The Age of Empowerment: New personal development books

Powerful systems and emerging technology can feed off of our sense of loneliness, insecurity, and sense of being stuck. It’s more important than ever to protect our authentic humanity and contribute creatively to our world in order to create connection, security and positive progress. These new personal development books will help you explore those areas in depth:

The Age of Insecurity: Coming Together as Things Fall Apart / Taylor, Astra
“These days, everyone feels insecure. We’re financially precarious, overwhelmed and worried about the future. The status quo isn’t working. Even the affluent and comparatively privileged are deeply insecure. Our social order runs on this insecurity. Across disparate sectors, the systems that promise us security, instead, actively undermine it. We’re made insecure on purpose, and our endless striving shapes how we feel about ourselves and others (including what we believe is personally and collectively possible). The book explores our contemporary predicament, exposing the psychological and political costs of the insecurity-generating status quo, while proposing ways to forge a new path forward.” (Adapted from publisher and catalogue)

The Handover: How We Gave Control of Our Lives to Corporations, States and AIs / Runciman, David
“A few hundred years ago, humans started building the robots that now rule our world. They are called states and corporations: immensely powerful artificial entities, with capacities that go far beyond what any individual can do, and which, unlike us, need never die. They have made us richer, safer and healthier than would have seemed possible even a few generations ago – and they may yet destroy us. The Handover distils over three hundred years of thinking about how to live with artificial agency” (Publisher and Catalogue)

The House That Joy Built / Ringland, Holly
“A book about the transformative power of finding joy through creativity, and offering a jump-start for anyone whose desire to create is flattened by fear. Fear of feeling vulnerable, of criticism and judgement from others, of not being good enough, of having ‘bad’ ideas, of being ‘too much’. It’s for everyone who has ever felt stuck creatively. It’s for those yearning to write, and also, more generally, for anyone who longs to create but doesn’t know how to find a way into, or back too, their imagination.” (Adapted from catalogue)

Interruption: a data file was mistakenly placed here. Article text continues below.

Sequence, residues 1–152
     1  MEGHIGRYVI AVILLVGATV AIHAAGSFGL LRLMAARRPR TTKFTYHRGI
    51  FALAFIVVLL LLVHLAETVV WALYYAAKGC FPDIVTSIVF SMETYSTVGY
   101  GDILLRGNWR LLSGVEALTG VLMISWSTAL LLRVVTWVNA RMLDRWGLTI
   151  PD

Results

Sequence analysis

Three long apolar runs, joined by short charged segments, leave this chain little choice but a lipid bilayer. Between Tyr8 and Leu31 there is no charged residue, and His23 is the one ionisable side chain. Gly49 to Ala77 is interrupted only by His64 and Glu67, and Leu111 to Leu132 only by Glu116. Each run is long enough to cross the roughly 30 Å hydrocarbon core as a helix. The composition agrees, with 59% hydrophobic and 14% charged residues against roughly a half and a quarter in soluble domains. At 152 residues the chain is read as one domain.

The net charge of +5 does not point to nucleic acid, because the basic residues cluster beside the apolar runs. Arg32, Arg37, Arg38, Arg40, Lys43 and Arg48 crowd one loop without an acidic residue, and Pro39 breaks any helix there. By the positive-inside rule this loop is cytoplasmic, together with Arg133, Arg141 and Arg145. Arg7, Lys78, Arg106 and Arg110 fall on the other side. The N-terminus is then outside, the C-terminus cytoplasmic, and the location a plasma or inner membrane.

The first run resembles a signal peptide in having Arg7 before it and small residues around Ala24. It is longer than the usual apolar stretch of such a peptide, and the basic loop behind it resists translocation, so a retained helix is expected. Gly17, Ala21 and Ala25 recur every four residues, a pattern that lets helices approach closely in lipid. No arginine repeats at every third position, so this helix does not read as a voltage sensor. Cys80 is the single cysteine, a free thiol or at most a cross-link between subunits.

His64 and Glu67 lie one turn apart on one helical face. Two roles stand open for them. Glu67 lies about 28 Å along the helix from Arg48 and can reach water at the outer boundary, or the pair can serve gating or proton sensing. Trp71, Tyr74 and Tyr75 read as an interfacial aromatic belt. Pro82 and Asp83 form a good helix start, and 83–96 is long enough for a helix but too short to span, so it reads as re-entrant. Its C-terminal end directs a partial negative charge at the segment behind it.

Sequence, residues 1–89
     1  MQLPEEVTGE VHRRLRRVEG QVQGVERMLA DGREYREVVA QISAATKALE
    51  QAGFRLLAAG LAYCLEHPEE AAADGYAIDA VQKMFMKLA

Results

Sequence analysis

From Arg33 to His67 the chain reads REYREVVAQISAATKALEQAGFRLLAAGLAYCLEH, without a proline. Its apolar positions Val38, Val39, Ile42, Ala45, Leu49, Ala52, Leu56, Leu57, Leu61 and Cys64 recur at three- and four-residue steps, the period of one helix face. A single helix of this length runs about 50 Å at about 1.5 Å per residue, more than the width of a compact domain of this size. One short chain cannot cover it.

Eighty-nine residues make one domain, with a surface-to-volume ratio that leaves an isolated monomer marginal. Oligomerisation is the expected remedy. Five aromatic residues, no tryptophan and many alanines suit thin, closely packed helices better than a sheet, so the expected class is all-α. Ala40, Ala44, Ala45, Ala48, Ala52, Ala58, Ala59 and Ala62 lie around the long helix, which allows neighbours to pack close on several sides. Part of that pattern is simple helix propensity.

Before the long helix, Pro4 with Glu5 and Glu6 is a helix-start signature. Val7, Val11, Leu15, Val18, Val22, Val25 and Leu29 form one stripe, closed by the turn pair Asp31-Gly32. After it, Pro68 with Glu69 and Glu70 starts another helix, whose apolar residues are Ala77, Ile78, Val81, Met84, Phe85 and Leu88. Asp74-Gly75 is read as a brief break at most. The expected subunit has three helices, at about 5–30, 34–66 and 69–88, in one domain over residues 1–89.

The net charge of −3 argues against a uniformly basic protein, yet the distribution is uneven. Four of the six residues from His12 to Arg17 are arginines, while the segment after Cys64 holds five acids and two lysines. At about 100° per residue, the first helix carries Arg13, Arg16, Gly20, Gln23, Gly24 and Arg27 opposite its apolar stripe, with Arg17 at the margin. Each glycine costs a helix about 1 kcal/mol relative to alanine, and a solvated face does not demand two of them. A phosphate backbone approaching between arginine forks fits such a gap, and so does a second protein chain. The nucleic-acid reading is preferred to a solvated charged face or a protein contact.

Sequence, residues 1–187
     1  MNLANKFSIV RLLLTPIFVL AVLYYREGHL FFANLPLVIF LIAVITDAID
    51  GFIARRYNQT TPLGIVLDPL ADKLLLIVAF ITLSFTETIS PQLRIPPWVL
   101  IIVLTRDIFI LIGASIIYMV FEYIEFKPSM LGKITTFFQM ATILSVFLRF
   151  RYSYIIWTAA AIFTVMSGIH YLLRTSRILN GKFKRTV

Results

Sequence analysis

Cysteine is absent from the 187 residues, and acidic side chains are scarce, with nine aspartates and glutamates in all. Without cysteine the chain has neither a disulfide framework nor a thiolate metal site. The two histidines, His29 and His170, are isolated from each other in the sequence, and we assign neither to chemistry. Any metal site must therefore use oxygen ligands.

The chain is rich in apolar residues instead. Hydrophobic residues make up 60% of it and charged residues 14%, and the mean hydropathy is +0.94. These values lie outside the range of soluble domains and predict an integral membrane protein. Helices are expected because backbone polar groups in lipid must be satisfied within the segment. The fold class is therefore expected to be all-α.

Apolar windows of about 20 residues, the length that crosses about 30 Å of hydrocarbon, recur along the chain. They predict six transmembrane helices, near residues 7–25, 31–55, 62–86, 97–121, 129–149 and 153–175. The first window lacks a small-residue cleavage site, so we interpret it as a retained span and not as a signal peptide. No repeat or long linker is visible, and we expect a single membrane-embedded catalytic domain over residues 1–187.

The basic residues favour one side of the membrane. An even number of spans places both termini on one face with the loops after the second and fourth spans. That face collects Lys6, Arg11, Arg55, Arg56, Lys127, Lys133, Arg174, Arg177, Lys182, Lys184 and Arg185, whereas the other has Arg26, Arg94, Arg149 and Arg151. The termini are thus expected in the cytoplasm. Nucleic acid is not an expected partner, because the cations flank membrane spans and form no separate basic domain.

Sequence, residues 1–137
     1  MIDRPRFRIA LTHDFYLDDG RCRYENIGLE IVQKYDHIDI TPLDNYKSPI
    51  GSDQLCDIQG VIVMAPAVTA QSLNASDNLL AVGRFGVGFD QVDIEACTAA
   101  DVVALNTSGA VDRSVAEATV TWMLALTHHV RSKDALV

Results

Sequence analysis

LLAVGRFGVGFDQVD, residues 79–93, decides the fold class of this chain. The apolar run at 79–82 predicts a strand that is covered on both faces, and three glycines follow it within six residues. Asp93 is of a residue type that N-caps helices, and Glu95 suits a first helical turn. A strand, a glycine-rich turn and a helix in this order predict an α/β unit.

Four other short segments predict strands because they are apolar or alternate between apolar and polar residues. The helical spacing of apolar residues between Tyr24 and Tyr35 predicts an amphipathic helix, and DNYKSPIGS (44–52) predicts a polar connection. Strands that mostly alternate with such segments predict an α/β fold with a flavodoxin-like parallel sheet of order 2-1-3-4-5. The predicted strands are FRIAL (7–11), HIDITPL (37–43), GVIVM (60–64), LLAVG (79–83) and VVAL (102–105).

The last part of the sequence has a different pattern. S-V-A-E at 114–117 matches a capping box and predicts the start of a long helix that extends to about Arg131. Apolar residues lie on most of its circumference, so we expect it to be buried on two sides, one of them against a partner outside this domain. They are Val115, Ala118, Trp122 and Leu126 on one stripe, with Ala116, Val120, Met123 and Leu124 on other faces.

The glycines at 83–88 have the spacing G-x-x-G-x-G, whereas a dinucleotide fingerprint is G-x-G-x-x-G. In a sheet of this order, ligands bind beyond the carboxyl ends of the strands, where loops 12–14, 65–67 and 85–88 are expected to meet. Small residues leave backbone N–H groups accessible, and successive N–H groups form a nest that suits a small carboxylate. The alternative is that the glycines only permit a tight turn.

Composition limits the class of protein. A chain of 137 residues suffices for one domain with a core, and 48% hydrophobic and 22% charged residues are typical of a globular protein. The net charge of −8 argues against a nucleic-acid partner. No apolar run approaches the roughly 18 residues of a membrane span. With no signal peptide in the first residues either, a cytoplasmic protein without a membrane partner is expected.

The Joy of Saying No: A Simple Plan to Stop People Pleasing, Reclaim Boundaries, and Say Yes to the Life You Want / Lue, Natalie
“The people-pleasing roles we took on in childhood may have gained us attention and affection in the past, but have prohibited us from becoming our true selves. Saying ‘yes’ inauthentically — and resentfully — when we should say ‘no’ leaves us stuck in frustrating patterns and actually lead to more problems. This book can teach you how to heal and transform by doing so, establish healthier boundaries, foster more intimate relationships and fulfilling experiences, and reconnect with your values and authentic self.” (Adapted from catalogue)

This Exquisite Loneliness: What Loners, Outcasts, and the Misunderstood Can Teach Us About Creativity / Deming, Richard
“Loneliness has long been a complex and slippery subject, as lush and fruitful as it is searingly painful. It’s often stigmatized, freighted with shame and fear, easy to dismiss as mere emotional neediness. But to see it this way is to misunderstand it. Deming turns an eye towards the unwelcome feeling, both in his own life and art, as well as the lives and work of six ground-breaking figures. The common thread reveals that loneliness is in fact one of the most powerful fuels available for our creative desires that forged some of the most original and innovative art and writing of the twentieth century.” (Adapted from publisher and catalogue)

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